Jake White wants Bulls to ‘push the tempo’ on fast 4G track
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Cape Town - Expect some fireworks from the Bulls in Saturday night’s clash with Cardiff (8.35pm SA time kick-off) as they look to reignite their United Rugby Championship campaign after two defeats in Ireland.
Bulls coach Jake White made a number of changes to his team, which lost 34-7 to Connacht last week, and some of it has to do with who is available to play; the rest is due to the quick 4G synthetic surface at Cardiff Arms Park.
David Kriel, Madosh Tambwe, Kurt-lee Arendse and Embrose Papier will add serious pace to the backline, and White said he had been intending to bring in another Blitzbok star in Stedman Gans at outside centre, but a tight hamstring has kept him out.
“Again, this 4G pitch is quick, really quick. If your hamstring’s a bit tight… if he tears his hamstring, he will be out for a long time. So, I would’ve liked to have played him (Gans) and Cornal together at centre, but as it stands, it hasn’t worked out,” White said from Cardiff yesterday.
“It’s a little bit of fortune that all these guys are ready this weekend, a guy like Kurt-lee coming back and David Kriel missing out last week. If Stedman had been there, it would’ve been a nice, almost a sevens-lookalike backline who’ve got feet and can get step a bit on that surface.
“So it’s also timing, so I’m quite keen to see how that backline goes on such a hard surface. It’s just a very different feel… the pace of the game, and because it’s so even and flat, players can really push themselves. Teams push tempo big-time, the pace of the game, out-working people instead of going through them, and the skill level helps as much.”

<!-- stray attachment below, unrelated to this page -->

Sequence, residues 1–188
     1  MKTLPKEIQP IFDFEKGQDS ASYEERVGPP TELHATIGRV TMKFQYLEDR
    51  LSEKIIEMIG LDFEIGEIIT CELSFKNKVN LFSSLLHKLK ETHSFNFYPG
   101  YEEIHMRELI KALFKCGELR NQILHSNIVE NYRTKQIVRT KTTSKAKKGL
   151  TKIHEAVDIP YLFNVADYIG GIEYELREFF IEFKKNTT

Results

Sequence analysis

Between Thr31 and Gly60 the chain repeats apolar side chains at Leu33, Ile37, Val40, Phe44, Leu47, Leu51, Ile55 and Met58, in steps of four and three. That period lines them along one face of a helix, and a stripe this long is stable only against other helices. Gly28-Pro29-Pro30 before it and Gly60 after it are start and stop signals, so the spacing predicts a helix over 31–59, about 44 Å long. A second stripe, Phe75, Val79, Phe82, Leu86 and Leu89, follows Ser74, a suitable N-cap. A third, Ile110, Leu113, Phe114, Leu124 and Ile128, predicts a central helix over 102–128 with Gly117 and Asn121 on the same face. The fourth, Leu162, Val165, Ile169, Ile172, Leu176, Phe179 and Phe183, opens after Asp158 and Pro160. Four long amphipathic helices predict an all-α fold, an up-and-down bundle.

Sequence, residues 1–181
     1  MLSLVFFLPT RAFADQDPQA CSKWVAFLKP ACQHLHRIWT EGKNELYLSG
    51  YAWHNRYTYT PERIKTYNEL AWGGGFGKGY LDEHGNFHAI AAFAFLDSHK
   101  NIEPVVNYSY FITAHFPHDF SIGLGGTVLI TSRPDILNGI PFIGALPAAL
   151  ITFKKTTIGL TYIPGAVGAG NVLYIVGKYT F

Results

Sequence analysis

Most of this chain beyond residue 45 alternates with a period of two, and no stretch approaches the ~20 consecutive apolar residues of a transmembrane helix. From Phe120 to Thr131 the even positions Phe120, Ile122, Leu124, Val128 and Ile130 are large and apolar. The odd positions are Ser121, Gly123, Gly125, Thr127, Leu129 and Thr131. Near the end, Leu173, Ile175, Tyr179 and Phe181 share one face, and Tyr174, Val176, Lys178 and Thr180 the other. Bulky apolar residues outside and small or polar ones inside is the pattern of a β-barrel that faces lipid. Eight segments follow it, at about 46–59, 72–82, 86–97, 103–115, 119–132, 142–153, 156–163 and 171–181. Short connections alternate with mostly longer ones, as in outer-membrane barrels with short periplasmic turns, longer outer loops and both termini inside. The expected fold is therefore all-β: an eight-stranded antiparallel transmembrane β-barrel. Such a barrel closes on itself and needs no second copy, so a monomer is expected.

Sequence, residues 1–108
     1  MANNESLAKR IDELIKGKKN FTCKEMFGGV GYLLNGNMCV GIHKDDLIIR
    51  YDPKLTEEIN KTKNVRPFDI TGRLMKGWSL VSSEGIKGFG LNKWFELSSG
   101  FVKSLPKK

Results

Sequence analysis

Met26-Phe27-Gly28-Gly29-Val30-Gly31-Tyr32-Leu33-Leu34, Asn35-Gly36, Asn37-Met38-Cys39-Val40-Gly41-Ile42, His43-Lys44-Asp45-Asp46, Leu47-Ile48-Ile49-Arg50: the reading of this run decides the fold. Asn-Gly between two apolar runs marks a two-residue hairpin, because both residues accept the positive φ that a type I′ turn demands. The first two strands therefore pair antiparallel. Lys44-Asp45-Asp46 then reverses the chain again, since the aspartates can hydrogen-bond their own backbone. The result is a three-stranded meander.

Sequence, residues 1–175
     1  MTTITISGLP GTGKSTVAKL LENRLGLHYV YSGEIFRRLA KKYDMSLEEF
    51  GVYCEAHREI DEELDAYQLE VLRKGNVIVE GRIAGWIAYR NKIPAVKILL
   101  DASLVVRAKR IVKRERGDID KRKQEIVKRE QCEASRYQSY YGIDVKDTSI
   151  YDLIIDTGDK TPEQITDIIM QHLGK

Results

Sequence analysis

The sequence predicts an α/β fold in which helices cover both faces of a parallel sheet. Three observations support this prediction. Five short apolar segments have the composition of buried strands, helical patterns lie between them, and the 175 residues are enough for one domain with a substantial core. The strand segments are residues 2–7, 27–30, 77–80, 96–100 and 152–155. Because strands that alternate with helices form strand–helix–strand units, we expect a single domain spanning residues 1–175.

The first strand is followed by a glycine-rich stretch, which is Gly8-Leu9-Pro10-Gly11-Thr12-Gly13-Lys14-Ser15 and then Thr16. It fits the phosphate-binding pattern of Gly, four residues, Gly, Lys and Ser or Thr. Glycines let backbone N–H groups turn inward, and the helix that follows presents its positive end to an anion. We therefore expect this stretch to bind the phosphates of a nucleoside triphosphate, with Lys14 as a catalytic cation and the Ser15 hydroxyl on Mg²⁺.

The Bulls have been able to train on a synthetic pitch this week, which is the closest thing to a 4G surface, and the Pretoria outfit will look to keep the ball alive even more than they have up til now.
Conditions will be very different from the Leinster and Connacht games, and White hopes his strike-runners can take their chances against Cardiff.
“The most important thing is how we adapt to the new surface. When I watched the teams who have played on it, the pace is very quick, so a lot of things change – the way you attack the breakdown, the numbers you have on your feet,” White said.
“To commit too many and the ball pops out and they get quick ball, then you’ve got a problem, because the reality is that the game is so quick, you don’t get to fill the field.
“But at the same time, if you just give the opposition the ball all the time, then it’s also very difficult because you never catch up. So, the decision-making of when to go in and to make sure we have numbers on our feet from a defensive point of view. Then, attacking-wise, to adapt and I suppose play as quickly as we can as well.
“The quicker you play, the more you test the defence. Understanding that this sort of surface that can challenge you both defensively and attacking-wise,” he said.